Awareness, the key to keeping yourself Safe

Posted: April 10, 2016 by Jonathan Fader in Krav Maga Philosophy
Tags: , , , , , , ,

*This is a re-edited version of a previous article, however it is important to understand that the first stage of Krav Maga/self defense no matter the style is Awareness. Not punching, Not kicking, not aggression. If you cannot see the fight about to come you have failed in some aspect.

Someone: What is Krav Maga?

Me: So back in the mid-to-late 1930s…

Krav Maga has been around for decades, yet it’s still fairly novel to people, especially in North America. People often ask me, “What is Krav Maga?” Unfortunately for them, this usually spurs me into a long winded tale about its complicated history. However, I think there is a way to simplify the answer.

In essence, Krav Maga can be defined as the art of awareness. During one sports psychology class I took in university, our discussion delved into the the importance of awareness in physical performance. For me, the first thing that came to mind was Krav Maga. As most Krav Maga practitioners should know, the man who developed Krav Maga, Imi Lichtenfeld famously said that Krav Maga was created “so one may walk in peace.” On top of that, Nir Maman has also said that “you win 100% of fights you are not in.” To walk in peace is to know how to avoid the fight, and the only way to do this is by being aware. Thus, in order to practice Krav Maga, it’s crucial to first practice awareness.

Wait, what is  awareness?

The first thing you should learn from any good Krav Maga school is to develop situational and environmental awareness. If you are only learning a set of moves, or only losing weight, you should probably start looking for a new instructor or school.

Now, it’s important to differentiate situational awareness from paranoia. It is really not the same thing. Paranoia is a state of anxiety or fear that is usually unrealistic and irrational. Situational awareness is a mindset in which an individual is attentive of his or her surroundings.

yellow code toothless

Toothless from how to train your dragon (2010 – Code yellow at its finest!

Jeff Cooper, former firearms instructor for the US Marines, formulated the awareness colour code which illustrates 4 mental states, increasing in danger and stress: white, yellow, orange, and red. Later, condition black was added (not by Jeff Cooper) to signify complete psychological shutdown. Someone who is paranoid generally spends time at the orange level, which easily leads to burnout for most people.On the other hand, someone who is situationally aware is generally at the yellow level, like a sleeping animal who is relaxed yet alert.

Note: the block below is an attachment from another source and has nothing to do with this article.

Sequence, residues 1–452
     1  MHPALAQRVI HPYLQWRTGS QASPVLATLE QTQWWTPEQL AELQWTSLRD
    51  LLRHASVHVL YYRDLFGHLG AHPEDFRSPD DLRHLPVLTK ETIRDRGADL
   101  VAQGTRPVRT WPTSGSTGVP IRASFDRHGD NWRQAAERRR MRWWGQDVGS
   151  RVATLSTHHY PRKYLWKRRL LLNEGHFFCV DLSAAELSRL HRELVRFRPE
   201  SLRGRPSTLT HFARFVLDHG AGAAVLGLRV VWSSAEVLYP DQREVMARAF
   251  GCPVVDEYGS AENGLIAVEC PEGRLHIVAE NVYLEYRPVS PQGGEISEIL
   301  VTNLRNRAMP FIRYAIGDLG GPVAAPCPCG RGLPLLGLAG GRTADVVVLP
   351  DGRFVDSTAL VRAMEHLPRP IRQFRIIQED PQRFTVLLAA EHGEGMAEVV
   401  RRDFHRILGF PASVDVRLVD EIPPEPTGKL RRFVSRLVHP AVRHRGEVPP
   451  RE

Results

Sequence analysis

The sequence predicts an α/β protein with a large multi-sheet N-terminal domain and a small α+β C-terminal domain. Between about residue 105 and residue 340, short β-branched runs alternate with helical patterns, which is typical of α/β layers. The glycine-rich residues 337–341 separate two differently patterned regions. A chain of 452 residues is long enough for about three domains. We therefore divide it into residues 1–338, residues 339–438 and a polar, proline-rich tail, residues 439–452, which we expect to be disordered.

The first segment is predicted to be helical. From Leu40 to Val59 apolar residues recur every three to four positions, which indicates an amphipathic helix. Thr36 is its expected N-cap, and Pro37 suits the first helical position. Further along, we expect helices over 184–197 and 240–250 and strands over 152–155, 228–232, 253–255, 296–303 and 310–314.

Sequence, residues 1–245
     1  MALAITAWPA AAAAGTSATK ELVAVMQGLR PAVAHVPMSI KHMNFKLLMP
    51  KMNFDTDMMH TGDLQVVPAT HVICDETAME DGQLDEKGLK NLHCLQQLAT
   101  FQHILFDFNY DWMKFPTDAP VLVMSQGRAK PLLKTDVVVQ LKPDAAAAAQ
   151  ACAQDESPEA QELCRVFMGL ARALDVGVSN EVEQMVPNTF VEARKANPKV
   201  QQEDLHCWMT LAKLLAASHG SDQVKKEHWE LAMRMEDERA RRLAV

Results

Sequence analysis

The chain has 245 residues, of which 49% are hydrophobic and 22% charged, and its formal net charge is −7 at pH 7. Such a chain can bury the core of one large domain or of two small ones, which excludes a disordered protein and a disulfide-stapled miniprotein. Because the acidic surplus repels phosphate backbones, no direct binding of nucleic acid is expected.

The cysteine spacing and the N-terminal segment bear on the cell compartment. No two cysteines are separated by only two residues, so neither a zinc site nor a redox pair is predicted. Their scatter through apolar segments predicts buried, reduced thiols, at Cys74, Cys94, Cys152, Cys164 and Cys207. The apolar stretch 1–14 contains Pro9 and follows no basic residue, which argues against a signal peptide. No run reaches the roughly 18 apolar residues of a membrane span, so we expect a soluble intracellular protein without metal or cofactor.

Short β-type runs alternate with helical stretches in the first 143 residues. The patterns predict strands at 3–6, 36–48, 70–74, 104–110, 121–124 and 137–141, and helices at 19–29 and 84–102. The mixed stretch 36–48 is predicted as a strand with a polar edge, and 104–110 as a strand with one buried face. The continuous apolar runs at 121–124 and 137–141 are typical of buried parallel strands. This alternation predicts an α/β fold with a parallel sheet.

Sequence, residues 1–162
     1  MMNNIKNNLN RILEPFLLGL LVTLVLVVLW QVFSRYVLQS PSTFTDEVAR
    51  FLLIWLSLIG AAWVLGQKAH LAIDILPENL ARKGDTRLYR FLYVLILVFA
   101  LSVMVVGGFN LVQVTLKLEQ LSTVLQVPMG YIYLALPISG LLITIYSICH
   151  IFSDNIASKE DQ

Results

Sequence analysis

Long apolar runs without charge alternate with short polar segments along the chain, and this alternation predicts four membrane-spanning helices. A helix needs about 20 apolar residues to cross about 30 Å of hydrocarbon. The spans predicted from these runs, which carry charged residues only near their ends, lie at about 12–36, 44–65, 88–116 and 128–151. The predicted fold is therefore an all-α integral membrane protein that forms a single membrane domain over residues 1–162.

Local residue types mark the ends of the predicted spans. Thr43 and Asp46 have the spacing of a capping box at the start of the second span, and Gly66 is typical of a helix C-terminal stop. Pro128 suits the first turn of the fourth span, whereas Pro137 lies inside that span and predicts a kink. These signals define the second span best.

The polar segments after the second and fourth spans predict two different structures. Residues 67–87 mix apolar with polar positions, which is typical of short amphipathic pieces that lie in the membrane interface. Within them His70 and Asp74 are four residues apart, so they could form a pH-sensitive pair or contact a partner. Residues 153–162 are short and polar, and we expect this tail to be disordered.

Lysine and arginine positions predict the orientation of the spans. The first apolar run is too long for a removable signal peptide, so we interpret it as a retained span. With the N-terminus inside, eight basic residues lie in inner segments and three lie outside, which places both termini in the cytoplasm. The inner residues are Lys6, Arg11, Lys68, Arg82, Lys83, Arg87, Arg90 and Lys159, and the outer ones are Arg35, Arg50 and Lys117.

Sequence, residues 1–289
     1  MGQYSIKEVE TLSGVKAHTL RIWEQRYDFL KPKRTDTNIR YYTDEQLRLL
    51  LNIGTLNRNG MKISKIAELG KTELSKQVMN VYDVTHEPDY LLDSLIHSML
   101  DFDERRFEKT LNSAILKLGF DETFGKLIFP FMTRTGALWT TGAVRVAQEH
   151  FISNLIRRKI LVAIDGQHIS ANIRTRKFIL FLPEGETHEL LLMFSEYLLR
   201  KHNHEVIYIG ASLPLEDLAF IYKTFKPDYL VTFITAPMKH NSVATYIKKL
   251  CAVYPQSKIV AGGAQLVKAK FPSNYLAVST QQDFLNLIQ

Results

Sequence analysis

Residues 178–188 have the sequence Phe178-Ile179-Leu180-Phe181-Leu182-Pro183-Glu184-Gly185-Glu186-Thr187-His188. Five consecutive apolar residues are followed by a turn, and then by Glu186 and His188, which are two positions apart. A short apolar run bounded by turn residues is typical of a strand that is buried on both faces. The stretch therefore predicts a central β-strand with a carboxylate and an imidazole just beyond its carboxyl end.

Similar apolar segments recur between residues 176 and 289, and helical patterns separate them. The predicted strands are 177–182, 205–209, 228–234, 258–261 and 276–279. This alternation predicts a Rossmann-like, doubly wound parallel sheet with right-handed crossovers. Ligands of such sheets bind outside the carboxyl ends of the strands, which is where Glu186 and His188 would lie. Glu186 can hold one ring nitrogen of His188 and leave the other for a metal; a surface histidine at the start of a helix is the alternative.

Being aware simply means paying attention to what is going on around you. However, in today’s modern world, largely due to the smartphone and other mobile devices, most people spend their time looking down. This means that this generation is losing that spatial and situational awareness that is crucial to human survival. Yes, we are not in the wilderness anymore, but the world is getting very violent once again. Situational awareness could literally be the difference between life and death. If your Krav Maga training has made you aware of what’s going on around you, then it is doing its job.

I’d like to think that at Urban Tactics Krav Maga, we have put together a good program to get situational awareness drilled into our students’ psyches. I mean, I regularly have students telling me that they are now paying attention to things they never used to notice. As an instructor, I’m contented to know that my students are truly learning to be aware so that they may walk in peace.

doubletake

If Muggles were more situationally aware, they woulden’t miss all the kids entering platform 9 3/4

So now, when someone asks me what is Krav Maga, I can give a simpler answer. Ultimately, Krav Maga is awareness. Although, I will most likely still end up giving a long Krav Maga history lesson, since it’s my passion, I think it’s a good place to start.

Written by: Jonathan Fader

Edited by: Zerlinda Chau

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